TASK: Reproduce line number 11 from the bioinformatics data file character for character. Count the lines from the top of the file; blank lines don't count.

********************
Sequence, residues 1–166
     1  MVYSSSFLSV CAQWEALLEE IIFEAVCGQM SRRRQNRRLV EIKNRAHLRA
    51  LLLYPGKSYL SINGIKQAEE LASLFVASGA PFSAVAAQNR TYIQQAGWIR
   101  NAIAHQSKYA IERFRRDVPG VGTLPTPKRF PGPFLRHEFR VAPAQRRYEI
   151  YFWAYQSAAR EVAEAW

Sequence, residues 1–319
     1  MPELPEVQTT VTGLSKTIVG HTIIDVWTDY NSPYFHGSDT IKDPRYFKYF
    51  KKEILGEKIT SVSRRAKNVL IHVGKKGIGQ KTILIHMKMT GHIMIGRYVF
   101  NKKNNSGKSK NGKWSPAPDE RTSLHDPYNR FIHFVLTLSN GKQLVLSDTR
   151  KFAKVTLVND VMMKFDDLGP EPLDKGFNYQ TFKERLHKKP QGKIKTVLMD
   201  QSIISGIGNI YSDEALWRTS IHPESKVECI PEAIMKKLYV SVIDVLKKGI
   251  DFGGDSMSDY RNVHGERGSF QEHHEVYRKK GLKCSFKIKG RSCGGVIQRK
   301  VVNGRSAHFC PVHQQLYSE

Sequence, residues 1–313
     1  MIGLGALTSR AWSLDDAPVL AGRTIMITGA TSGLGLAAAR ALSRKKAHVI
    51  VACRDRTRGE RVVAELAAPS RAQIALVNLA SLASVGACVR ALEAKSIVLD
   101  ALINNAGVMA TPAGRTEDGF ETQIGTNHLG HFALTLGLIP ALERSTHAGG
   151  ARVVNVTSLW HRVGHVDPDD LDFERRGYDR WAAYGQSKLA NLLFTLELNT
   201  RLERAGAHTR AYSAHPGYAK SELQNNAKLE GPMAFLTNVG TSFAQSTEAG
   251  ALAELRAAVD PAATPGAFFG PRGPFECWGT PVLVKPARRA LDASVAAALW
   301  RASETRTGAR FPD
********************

   201  QSIISGIGNI YSDEALWRTS IHPESKVECI PEAIMKKLYV SVIDVLKKGI